The Reverse Cinderella

Baby focused instead of Parent focused

There is so much attention prenatally on a new baby coming. Parents are blessed with baby showers. There are regular classes and checkups to attend. Everyone is asking how they feel during their pregnancy and inquiring about their plans for birth. During the postpartum phase, visitors are often focused on meeting and holding the new baby. Neglecting that the new parents may have needs.

Lack of support

After birth, parents are sent home from the hospital within a few days, their support network that was there before birth, are often not very available at this time. Partners are likely going to be returning to work after a having one week off. Close friends and other family members are likely to also be working, live far away, or struggling to care for their own children with little support. the new parent is left alone to figure out feeding, heal from the birth, and care for themselves. To top everything off medical care providers are only available for medical concerns.

If we really want to decrease the rates of Postpartum Mood Disorders individually and culturally, we need to take a much more supportive approach to how we handle the postpartum period.

Ideally, all new parents should be continually cared for in the first 40 days after giving birth. The “tough-it-out” attitude of our culture does not serve the parents OR the new baby. Parents need time to physically recover from childbirth, support in feeding and transitioning emotionally.

Because most family members of new parents have to return to work, or live far away, this makes a postpartum doula the number one solution to these problems.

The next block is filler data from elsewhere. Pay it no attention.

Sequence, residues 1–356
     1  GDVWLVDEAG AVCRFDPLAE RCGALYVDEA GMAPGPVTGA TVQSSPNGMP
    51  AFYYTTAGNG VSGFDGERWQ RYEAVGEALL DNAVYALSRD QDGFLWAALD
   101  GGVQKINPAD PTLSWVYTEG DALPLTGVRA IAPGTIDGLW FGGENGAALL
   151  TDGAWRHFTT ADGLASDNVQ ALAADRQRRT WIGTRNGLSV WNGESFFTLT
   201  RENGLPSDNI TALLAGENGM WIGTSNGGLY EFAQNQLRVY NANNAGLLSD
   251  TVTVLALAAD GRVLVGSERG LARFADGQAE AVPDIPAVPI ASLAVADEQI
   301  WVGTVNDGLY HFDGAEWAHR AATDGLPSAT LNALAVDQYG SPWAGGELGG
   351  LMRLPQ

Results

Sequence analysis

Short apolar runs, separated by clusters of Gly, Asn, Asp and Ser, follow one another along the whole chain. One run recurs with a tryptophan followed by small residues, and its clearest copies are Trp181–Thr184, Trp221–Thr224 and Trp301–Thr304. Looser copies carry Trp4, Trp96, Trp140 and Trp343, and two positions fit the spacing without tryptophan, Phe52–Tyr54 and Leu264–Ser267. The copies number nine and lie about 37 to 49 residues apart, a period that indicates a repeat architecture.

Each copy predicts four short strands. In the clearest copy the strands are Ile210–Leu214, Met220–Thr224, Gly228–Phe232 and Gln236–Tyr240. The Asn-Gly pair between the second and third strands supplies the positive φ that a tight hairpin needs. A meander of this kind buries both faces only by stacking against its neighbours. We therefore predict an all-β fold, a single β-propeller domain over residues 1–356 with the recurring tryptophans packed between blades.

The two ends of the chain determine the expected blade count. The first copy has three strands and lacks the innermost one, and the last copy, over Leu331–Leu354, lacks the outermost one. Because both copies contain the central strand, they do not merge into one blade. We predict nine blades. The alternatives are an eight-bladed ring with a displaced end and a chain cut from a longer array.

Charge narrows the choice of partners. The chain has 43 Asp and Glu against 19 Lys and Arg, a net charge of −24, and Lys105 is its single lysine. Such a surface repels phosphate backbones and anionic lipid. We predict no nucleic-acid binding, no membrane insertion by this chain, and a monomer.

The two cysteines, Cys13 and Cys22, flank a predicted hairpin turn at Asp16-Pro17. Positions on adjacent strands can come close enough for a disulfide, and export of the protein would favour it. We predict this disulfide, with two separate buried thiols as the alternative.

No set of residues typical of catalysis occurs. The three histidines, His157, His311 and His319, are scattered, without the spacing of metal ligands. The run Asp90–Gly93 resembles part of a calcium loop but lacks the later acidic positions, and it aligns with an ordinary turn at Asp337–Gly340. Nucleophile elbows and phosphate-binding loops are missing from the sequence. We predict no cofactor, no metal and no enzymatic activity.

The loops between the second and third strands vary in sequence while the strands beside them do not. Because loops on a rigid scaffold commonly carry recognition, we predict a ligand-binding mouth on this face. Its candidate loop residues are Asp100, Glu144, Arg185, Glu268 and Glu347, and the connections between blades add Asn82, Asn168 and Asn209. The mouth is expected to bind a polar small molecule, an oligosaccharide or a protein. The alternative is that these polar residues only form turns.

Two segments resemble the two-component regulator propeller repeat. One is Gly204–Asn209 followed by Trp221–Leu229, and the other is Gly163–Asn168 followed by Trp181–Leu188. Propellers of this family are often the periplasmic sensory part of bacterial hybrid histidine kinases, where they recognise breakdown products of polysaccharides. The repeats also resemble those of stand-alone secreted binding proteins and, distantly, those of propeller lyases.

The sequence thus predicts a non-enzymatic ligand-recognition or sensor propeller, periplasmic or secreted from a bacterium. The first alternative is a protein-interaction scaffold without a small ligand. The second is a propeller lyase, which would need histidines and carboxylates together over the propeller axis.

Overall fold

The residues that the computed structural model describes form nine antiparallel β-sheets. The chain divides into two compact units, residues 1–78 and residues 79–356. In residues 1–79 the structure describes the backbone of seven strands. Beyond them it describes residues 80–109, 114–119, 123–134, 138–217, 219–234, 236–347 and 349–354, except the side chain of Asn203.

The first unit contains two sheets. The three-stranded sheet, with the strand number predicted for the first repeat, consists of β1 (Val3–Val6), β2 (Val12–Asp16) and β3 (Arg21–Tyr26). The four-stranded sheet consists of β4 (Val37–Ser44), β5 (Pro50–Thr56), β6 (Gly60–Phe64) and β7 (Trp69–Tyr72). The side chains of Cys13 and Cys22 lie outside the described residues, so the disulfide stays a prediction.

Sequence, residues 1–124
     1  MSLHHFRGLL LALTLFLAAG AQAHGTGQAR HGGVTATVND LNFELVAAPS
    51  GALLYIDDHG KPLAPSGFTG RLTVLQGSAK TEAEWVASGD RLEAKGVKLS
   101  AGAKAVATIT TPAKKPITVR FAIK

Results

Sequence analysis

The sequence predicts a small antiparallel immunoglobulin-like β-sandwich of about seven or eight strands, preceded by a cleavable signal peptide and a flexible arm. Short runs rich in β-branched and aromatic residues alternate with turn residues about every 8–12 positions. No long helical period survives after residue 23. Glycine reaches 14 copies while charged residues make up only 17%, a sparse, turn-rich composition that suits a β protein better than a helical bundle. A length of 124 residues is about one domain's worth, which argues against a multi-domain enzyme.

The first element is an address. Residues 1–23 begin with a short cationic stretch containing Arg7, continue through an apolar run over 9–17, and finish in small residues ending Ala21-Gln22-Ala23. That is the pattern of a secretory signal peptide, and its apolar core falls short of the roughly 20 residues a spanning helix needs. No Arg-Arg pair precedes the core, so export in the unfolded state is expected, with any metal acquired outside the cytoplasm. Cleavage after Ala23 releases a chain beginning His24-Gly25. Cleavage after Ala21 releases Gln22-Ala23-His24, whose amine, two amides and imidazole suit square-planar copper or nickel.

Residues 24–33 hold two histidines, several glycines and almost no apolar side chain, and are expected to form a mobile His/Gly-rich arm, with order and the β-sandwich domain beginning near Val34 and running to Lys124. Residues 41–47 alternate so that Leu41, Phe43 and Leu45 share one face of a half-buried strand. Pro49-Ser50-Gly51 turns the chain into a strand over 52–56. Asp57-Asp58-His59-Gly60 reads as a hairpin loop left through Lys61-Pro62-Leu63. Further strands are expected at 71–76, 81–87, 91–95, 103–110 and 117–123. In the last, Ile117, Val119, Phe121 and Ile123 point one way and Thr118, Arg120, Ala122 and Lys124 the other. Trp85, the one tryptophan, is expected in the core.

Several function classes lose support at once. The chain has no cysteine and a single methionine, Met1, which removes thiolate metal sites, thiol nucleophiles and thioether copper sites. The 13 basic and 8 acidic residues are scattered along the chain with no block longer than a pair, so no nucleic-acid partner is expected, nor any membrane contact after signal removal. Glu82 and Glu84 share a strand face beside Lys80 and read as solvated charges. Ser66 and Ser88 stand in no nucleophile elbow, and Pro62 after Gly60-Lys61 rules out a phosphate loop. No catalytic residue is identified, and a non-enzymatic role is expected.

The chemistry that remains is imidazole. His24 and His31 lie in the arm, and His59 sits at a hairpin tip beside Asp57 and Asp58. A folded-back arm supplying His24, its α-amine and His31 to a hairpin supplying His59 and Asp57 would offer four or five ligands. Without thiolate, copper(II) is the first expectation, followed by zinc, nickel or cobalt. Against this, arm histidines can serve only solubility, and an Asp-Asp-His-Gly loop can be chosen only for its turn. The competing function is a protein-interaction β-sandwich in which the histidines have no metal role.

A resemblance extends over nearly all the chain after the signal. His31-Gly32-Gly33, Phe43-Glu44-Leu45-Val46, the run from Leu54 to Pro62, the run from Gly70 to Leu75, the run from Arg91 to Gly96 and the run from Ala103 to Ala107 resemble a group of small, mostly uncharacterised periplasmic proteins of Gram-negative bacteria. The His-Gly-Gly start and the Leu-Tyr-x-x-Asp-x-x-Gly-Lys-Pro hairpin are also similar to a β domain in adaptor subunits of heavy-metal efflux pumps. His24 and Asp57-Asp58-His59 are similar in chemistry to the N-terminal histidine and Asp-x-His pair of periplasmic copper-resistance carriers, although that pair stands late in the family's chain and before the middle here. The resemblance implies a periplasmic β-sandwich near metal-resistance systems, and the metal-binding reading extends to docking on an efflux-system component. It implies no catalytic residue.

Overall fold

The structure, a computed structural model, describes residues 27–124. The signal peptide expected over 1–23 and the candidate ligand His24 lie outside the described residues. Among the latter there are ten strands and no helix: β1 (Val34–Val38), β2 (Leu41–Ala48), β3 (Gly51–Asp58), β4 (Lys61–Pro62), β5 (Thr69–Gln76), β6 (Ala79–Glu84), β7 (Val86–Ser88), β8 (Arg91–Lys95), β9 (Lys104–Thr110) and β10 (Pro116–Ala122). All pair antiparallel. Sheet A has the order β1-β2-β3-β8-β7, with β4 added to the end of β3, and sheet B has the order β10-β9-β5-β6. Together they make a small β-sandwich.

Let’s take a look at what other cultures with low incidences of Postpartum Mood Disorders are doing differently:

Distinction

The postpartum period in other cultures are seen as being distinct or different from normal life. In colonial America, this viewpoint used to be the norm, called the lying-in period. This was a time when experienced parents helped new parents on their new path. My how times have changed.

Seclusion

New parents are especially vulnerable during the postpartum period and are granted social exclusion during this time. Accepting visitors from only midwives and close relatives allows them much needed time to rest and availability for frequent breast or bottle feeding. This allows them to regain their strength while nurturing their new baby. It is expected that they will restrict their normal activities during this time.

Household duties

Parents in other cultures are never expected to maintain household chores during this resting period. Other people fill in the gap to fulfill household duties and care for the older children.

Recognition

Many cultures have a ritual to acknowledge the new status of a parent who has given birth. Some examples include: belly binding, social rituals, washing of hair, massage, bathing and other types personal care.

Let’s put an end to mother’s struggling alone once and for all!

Contact a postpartum doula today to set up your postpartum care plan. It is hands down the most important thing you can do for yourself (or as a gift to a friend or family member) in the postpartum period. If planned far enough in advance, families of varying budgets can easily afford this valuable service. You deserve to be treated like Royalty after giving birth.

You deserve it –  your family deserves it –  your newborn child deserves it.

This blog was inspired by Chapter 5 of the book “Breastfeeding Made Simple“. Check out their website for more amazing resources and get yourself copy of the book!

Lancaster Doulas LLC proudly nurtures postpartum mothers in Adams, Berks, Chester, Cumberland, Dauphin, Lancaster, Lebanon, Montgomery, Schuykill and York Counties.

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